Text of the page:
I teach my kids the song “Honest Abe” sung to the tune of Yankee Doodle.
(to the tune of Yankee Doodle)
I love the name of Abraham,
We see him on our money,
His picture's on the $5.00 bill
And also on our penny.
Honest Abe is what he's called,
Honest, kind and true.
He was jour 16th President
He loved both me and you, sir.
I like to use this song because it frontloads the most important fact of all that I want my students to learn about Abraham Lincoln from the read. It is a fun way to springboard into the book and set the stage for reading!
1st viewing: Students will watch the video the first time through as an unencumbered view. The purpose of this viewing is for them to get the gist of the video.
2nd viewing: Students will watch the video the second time through with stopping points that allow them to gather information about Abraham Lincoln. I read the first question “Lincoln did not go to school a lot, but he studied at home.” and say to students: Everybody listen for that information. We are listening to determine if Lincoln did not go to school a lot, but he studied at home. When I get to the first stopping point, we lift the first ‘page’ or ‘flap’ on the Lincoln note taking guide and answer the question based on the evidence in the video. (yes)
I continue in the same fashion with the question, video and note taking guide for each of the ‘pages’ or ‘flaps.’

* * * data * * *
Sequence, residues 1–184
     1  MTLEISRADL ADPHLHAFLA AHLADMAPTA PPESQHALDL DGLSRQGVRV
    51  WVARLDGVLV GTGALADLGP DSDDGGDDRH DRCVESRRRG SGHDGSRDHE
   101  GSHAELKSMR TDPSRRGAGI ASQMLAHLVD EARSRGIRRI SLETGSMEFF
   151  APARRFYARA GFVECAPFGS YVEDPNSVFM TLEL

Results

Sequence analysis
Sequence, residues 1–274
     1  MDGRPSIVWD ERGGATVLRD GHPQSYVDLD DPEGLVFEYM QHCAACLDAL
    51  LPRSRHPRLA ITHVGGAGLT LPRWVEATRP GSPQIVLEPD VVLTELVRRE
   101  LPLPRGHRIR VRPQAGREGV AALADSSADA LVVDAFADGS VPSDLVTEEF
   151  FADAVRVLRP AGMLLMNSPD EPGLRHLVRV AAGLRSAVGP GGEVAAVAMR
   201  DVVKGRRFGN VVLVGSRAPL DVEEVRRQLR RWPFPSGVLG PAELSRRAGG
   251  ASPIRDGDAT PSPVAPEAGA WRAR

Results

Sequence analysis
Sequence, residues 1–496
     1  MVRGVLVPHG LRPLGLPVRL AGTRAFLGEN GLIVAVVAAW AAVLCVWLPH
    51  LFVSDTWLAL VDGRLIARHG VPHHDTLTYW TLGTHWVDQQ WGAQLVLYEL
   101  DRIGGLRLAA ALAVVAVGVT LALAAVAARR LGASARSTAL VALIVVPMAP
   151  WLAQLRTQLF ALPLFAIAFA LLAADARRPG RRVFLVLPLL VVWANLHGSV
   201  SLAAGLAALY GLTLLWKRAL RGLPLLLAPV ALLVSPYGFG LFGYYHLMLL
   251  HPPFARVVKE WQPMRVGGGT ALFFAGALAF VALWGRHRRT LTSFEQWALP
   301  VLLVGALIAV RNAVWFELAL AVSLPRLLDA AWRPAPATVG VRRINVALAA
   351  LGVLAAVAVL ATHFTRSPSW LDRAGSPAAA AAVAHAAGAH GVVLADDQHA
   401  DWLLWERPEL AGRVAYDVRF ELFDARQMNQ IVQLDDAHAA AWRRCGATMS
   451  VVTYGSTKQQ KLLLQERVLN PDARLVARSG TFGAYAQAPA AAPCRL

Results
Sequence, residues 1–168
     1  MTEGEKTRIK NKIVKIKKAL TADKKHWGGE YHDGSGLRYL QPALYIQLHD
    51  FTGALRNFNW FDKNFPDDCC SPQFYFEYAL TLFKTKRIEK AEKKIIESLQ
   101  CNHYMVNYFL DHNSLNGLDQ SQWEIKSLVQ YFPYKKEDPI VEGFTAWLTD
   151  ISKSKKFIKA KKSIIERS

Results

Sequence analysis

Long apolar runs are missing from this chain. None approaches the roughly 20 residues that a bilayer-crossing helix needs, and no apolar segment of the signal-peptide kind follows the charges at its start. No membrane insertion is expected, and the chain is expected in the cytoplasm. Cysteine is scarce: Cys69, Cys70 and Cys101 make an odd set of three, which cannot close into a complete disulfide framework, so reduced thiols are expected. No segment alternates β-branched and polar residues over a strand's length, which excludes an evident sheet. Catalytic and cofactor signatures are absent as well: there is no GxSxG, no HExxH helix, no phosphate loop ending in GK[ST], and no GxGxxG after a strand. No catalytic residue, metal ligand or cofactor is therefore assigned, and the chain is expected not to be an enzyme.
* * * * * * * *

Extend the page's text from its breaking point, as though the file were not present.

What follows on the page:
0:25 Lincoln did not go to school a lot, but he studied at home
0:58 Lincoln was a doctor and the 16th president.
2:50 Abraham Lincoln did not like slavery and set the slaves free.
3:13 Lincoln was killed by John Wilkes Booth.
End Abraham Lincoln is on the $5.00 bill and on the penny.
Common Core listening/speaking standards are clear that students should be able to listen for information as well as read for information. We have done this through read-alouds forever, but technology now makes video much more accessible for classroom use. Beyond that, as students move up in the grades, their assessments will likely have a listening comprehension component where they will have to extract information from a video. Lessons like this one lay the foundation for that skill.
I ask students: What can you tell me about Abraham Lincoln? What did we read about? What did we see and hear in the video? Everyone think quietly to yourself. I like to have students put their fingers on their head to ‘show’ me they are thinking. After about 15 seconds, I have students turn and talk to a partner and share what they know about Lincoln with their partner. I walk around and listen to their dialogue and assist where necessary. After they share with a partner, we share out with the group.
I then show students the long writing paper. I say: Boys and girls, I am going to give you a paper that is tall and skinny like Lincoln’s hat was! On this paper I want you to write me one thing you know about Lincoln. We call these ‘facts.’ Everyone say FACT. (students repeat)
I continue: I am going to write that he was the 16th president because I remember that from the book and the video. I then model writing “He was the 16th president of the U.S.” on my paper. I prompt students to help me spell my words, but for the sight words we refer to our word wall.
I then ask students to think about what they are going to write and when they can tell me their sentence they can raise their hand. As they tell me their sentence, I hand them their writing paper and dismiss them to their seats. I like to do this so that they verbalize what they are going to write and I have an idea of what they are going to write.
This writing is unassisted. I like to see what they can do on their own and it serves as a formative assessment for me. (save these to glue in art project done on following day)